That brings me to the next issue I have with this, which is that this plan has no "bold vision," to speak of. Frankly, saying you're going to throw a bunch of ideas to a wall and see what sticks isn't particularly "bold." It's entirely non-committal and reeks of a "not my problem" attitude. The thing is, tech doesn't drive the missions on these type of endeavors, the missions drive the tech. Without a clearly directed mission, we could spend decades developing random pieces of teach and still be no closer to consistently getting beyond LEO.

Frankly, the lack of a committed alternative is what makes this whole budget a bad idea (well, that and redirecting NASA towards climate science. Isn't that NOAA's job? I mean, really...). There's nothing "bold" about having no clear vision whatsoever.


Yes.

www.inameri.ca
 
2010-03-28 10:07:24 AM
remus: NGM: /Rather have health care

You do realize just how many scientific advancements have taken place as a direct result of the Space Program? Obviously, it doesn't matter to you that the cure to cancer, aids, and a million other medical problems may possibly be found in space? Perhaps the weightless environment, perhaps some substance found in the moon? Who knows? But, as long as you get that "free" visit to the doc for some rash cream, you're all good with that?


Nah, he doesn't realize. He's probably one of those "We should stop shooting money up into space" people, who doesn't understand that this means research and high tech jobs, which in turn employs researchers and other high tech employees.

See http://www.techbriefs.com/tech-briefs/biomedical-techbriefs for examples. A basic understanding of healthcare would allow anyone to see several things on the front page of this alone which could improve healthcare quality and efficiency.
 
2010-03-28 10:08:35 AM
Snarfangel: Great, now I'll *never* be able to escape this planet.

Sure you will, you'll just have to do it the same way everybody else does.
 
2010-03-28 10:10:31 AM
archichris: Destroys the economy

Enslaves health care recipients

First president to not attend a church


And we all know that last point is absolutely the most important one as far as getting his job done is concerned.
 
2010-03-28 10:10:55 AM
archichris: Wow, what a great first 18 months for the Messiah:

Cancels spaceflight

Record unemployment

Record deficits

Record congressional approval lows

Destroys the economy

Enslaves health care recipients

First president to not attend a church

Arranges for the state paid slaughter of tens of thousands of babies

spends a trillion dollars on a slush fund for democrats

Destroys then buys out GM and Chrysler

Does the 'Chicago' on Toyota (a major employer in my state)

Establishes Presidential orders as the new way to circumvent the will of the people, the supreme court, and congress (thats a tyranny BTW)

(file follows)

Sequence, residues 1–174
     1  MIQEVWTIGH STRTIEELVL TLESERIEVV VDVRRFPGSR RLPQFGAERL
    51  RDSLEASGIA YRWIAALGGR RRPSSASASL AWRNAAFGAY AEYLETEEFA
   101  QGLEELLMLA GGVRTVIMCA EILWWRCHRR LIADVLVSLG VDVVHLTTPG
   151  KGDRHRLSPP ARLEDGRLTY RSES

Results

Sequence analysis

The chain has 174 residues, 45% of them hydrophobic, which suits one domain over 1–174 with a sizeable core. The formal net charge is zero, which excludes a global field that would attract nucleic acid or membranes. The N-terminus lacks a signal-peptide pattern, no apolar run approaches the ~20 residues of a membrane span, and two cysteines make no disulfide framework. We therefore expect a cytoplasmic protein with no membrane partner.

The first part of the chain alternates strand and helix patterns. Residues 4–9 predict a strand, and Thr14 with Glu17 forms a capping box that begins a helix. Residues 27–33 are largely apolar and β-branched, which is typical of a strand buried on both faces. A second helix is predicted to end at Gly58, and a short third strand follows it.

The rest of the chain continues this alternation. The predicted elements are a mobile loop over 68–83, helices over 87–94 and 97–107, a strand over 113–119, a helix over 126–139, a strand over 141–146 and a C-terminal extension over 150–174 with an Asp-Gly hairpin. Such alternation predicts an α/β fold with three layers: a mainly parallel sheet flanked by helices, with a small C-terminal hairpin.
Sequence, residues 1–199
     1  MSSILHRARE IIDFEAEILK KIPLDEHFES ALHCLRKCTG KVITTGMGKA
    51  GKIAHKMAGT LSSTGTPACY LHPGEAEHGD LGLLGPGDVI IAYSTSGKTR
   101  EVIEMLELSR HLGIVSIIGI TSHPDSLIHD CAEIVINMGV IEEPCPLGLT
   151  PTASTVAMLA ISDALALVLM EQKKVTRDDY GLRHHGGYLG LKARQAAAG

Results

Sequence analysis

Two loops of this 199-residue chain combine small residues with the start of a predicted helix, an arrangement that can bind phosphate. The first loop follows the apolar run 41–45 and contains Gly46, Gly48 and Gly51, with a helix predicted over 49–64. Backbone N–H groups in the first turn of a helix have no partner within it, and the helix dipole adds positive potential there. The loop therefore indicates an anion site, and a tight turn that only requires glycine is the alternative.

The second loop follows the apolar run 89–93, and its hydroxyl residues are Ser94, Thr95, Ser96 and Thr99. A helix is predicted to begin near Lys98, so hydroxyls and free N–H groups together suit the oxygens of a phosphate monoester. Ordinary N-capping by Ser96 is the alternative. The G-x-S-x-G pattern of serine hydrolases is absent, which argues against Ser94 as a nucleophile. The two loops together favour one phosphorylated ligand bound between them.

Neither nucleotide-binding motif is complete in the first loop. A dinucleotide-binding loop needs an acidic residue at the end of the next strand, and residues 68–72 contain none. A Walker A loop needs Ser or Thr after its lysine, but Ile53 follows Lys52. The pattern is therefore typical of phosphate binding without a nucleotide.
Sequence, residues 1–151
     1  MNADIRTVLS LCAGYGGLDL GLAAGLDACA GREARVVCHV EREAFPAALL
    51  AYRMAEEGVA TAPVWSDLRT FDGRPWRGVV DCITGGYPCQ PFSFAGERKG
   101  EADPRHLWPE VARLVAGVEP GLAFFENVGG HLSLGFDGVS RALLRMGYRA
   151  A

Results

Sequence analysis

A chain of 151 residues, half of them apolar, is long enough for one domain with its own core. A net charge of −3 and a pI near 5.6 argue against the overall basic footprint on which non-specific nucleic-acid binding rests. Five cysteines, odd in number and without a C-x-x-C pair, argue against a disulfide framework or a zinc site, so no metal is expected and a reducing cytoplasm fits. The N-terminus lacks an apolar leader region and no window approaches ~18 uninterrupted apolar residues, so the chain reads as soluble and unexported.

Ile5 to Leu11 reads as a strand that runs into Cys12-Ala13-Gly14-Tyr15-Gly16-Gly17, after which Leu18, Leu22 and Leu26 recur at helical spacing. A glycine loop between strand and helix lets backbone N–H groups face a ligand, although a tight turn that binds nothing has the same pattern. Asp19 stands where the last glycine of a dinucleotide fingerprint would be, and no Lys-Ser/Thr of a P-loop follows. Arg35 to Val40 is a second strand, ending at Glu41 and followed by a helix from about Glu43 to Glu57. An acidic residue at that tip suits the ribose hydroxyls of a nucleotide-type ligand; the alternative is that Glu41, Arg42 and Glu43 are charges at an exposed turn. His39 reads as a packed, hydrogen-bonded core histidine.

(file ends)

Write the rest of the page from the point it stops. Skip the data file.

Appoints cabinet officials who think we have it too good and who want to get rid of...personal motorized transportation, large refrigerators, air conditioning, hot water on demand, large homes, air conditioned shopping malls.

Allows Iran to develop Nukes.

Signs a deal to get rid of ours.

Fumbles North Korea.

Moves the 911 terrorists that we HAVE caught to civilian court, where they are scheduled to be released without trial.

Insults the police.

Insults the military.

Accuses 60% of the population of supporting domestic terrorism.

Seizes millions of acres of land for the Government.

Fumbles the Haitian earthquake.

And the best part is the Media gives him a pass on all of this...

Taa Daa!


tl;dr
 
2010-03-28 10:11:24 AM
Non-evil Monkey: And if Private companies can fill in the void, with the backing of a reorganized NASA, then it isn't even the end of American human spaceflight.

The only thing it is the end of is American government human spaceflight, which isn't as big of deal.


I've personally dealt with private companies in the space flight business. It's like dealing with kindergartners. They were so far behind the government agencies and made many, many mistakes. One of my satellites is currently orbiting like a dead rock up there; it was killed by a private company's crappy launch vehicle. That was $60M of YOUR tax money wasted by a private company's mistakes.

I won't write a long thing about foreign countries pursuing space flight, but I suggest you don't expect them to either achieve or share.
 
2010-03-28 10:11:46 AM
Having worked on the Space Station project (back when it was a 10 billion dollar project), the idea of letting companies build launch systems without 9 NASA managers each per engineer, welder and coffee fetcher makes sense.

"Space is too important to be left to governments."
 
2010-03-28 10:11:56 AM
blazemongr: archichris: Destroys the economy

Enslaves health care recipients

First president to not attend a church

And we all know that last point is absolutely the most important one as far as getting his job done is concerned.


It is nice when the most powerful world leader on earth has some sort of Moral Compass, but all things being equal I would prefer he has the one which has love and forgiveness as its litany.
 
2010-03-28 10:12:16 AM
Spaceship Two (new window)

private spaceflight is better anyway.
 
2010-03-28 10:12:32 AM
Sorry to disappoint the non-reality based community, but the likelihood of there being a 'cure for cancer' in some 'mystery substance' on the moon are nil.

If there were any short-term productive reasons for going far into space, the private sphere would be on it like stink on the mentations of those who put their silly wishes ahead of the utile filter of reality.

If you sci-fi nerds think this is such a great idea, why don't you pool your allowances and finance it yourselves? When government attempts the impossible, it devolves to mere thievery. The Greeks in the classic era said this.

Spin-offs? That rationale could be applied to anything. Think of the bio-medical experiments the SS was uniquely able to commit!
 
2010-03-28 10:13:40 AM
I agree with Obama on this one.
We have no money for these type of programs.
If people really want this, they can find a way to pay for it themselves.


Space isn't going anywhere. When we get to a more stable economy we can play in space again. Although, i would rather spend the money on feeding the poor or increasing welfare payments.